So great is the suffering depicted in Shakespeare’s King Lear that one has trouble finding the words to write about it. It is a play that relentlessly challenges its readers and theater audiences with the magnitude, intensity, and sheer duration of the pain that it represents. While other tragedies, including many of Shakespeare’s, depict their characters experiencing a measure of joy and satisfaction before the onset of their misery, King Lear offers us no such relief. From beginning to end, all of its figures suffer, and all attempt various strategies to escape their suffering—some hardening their hearts, others engaging in orgies of violence, many devoting themselves to alleviating the suffering of others, Lear himself raging against his own pain until his sanity cracks. In this play only death seems to provide escape from “the rack of this tough world.”
What, then, keeps bringing us back to King Lear? There is, of course, the power of the language. Once one has absorbed this play, one can articulate one’s own suffering; one can put language to one’s horror in the face of human cruelty and poverty; one has words to express the depths of grief that follow on extreme loss. But the fact that King Lear is almost equally powerful when translated (for example, into Japanese), converted to film, and set in lands far different from ancient Britain makes it likely that it is the story told in Lear that, in large part, draws us to the play. Within Lear are stories of two families, each caught up in a struggle between greed and cruelty, on the one hand, and support and consolation on the other. Each family is centered in an aging father, one an imperious near-tyrant, the other a gullible sensualist, each of whom sees his children through a distorted lens and, turning against the child who truly loves him, unleashes in his other child (or, in Lear’s case, children) enormous greed, lust, and ambition.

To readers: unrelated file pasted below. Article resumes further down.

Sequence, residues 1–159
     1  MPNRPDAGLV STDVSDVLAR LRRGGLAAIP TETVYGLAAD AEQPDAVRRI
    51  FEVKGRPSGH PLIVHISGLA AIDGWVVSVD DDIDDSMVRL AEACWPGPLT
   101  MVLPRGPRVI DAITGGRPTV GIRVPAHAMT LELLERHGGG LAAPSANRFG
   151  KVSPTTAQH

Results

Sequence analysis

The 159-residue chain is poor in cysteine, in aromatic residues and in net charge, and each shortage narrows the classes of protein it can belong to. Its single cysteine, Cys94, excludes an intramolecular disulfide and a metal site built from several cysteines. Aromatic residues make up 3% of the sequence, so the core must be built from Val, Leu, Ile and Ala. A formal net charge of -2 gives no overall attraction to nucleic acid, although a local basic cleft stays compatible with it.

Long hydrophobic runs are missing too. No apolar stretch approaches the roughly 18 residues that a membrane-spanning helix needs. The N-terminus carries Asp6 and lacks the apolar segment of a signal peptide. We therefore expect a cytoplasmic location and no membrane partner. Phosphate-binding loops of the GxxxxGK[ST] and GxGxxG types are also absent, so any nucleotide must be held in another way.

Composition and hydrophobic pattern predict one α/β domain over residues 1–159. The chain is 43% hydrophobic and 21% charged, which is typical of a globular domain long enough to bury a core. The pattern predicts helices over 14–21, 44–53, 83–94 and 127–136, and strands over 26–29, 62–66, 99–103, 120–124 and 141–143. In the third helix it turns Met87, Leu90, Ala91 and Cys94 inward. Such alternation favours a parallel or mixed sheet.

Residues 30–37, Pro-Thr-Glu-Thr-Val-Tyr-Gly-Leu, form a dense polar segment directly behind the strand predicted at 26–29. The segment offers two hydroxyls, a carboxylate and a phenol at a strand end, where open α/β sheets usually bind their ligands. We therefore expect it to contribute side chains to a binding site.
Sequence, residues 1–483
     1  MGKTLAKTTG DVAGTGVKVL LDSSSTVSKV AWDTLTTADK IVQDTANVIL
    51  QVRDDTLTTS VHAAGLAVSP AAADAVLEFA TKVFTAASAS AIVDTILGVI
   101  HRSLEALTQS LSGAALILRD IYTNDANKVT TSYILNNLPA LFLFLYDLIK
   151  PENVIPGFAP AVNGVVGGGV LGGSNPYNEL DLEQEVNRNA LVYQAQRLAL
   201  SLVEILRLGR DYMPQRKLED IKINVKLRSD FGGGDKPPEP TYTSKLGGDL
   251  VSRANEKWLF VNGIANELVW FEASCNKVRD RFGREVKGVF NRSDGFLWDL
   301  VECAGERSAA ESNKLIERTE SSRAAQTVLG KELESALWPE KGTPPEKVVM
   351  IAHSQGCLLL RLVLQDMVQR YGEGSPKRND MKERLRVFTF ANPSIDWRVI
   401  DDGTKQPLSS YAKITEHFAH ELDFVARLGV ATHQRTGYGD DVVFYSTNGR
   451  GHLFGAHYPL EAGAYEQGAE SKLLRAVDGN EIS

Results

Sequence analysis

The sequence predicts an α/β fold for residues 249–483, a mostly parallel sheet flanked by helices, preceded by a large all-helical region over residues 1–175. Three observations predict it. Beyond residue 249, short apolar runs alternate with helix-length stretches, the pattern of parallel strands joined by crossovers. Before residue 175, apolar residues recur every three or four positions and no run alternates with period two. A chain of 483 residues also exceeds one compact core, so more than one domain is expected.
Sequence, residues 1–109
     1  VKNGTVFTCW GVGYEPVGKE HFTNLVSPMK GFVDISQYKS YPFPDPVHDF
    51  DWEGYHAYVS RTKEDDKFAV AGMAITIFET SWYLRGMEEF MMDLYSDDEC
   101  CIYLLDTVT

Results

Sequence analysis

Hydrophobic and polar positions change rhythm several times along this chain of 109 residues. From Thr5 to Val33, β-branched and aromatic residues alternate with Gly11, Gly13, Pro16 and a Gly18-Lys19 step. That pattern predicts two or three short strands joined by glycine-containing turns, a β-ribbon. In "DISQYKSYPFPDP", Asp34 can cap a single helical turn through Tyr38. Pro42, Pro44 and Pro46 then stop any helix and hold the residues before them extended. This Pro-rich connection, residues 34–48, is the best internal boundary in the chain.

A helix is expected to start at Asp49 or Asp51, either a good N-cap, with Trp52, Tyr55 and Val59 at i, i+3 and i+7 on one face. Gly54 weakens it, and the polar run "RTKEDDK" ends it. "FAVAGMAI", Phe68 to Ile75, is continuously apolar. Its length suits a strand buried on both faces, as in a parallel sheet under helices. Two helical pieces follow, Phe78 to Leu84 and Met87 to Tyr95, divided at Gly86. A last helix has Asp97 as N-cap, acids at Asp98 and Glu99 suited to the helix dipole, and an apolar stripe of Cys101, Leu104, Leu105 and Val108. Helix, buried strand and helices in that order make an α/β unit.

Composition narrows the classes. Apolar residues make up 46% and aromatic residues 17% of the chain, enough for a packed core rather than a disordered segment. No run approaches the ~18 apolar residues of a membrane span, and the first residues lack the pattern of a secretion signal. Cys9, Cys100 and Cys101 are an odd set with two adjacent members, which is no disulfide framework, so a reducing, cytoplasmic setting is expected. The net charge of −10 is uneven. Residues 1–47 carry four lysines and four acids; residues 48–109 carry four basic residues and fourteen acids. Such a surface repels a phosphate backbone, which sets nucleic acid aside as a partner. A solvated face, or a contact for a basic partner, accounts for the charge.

This double story draws us because it tells us about families—about fathers and daughters, fathers and sons, sisters and their husbands and lovers, brothers natural and unnatural. In this play, ordinary jealousies, demands for love, sibling rivalries, desire for money and power, petty cruelties are all taken to the extreme; we can see ourselves and our small vices magnified to gigantic proportions. Also in this play we can see the end of our lives, with old age portrayed in all its vulnerability, helplessness, pride, and, finally, perhaps, wisdom. Lear had envisioned a world in which old men would continue to be respected even after giving away their money and their power, a world in which everyone would behave as Kent does, continuing to admire and obey because of the authority that inheres in Lear himself. Lear learns that once time and age have weakened one, without money and power one is almost helpless against the ravages of greed and power-hunger—but his final speech to Cordelia suggests that he also learns that, finally, greed and power-hunger do not really matter. Lear moves out of the world of the young and the middle-aged and into an old-age world of letting go. This play’s special understanding of old age explains in part why this most devastating of Shakespeare’s tragedies is also perhaps his most moving.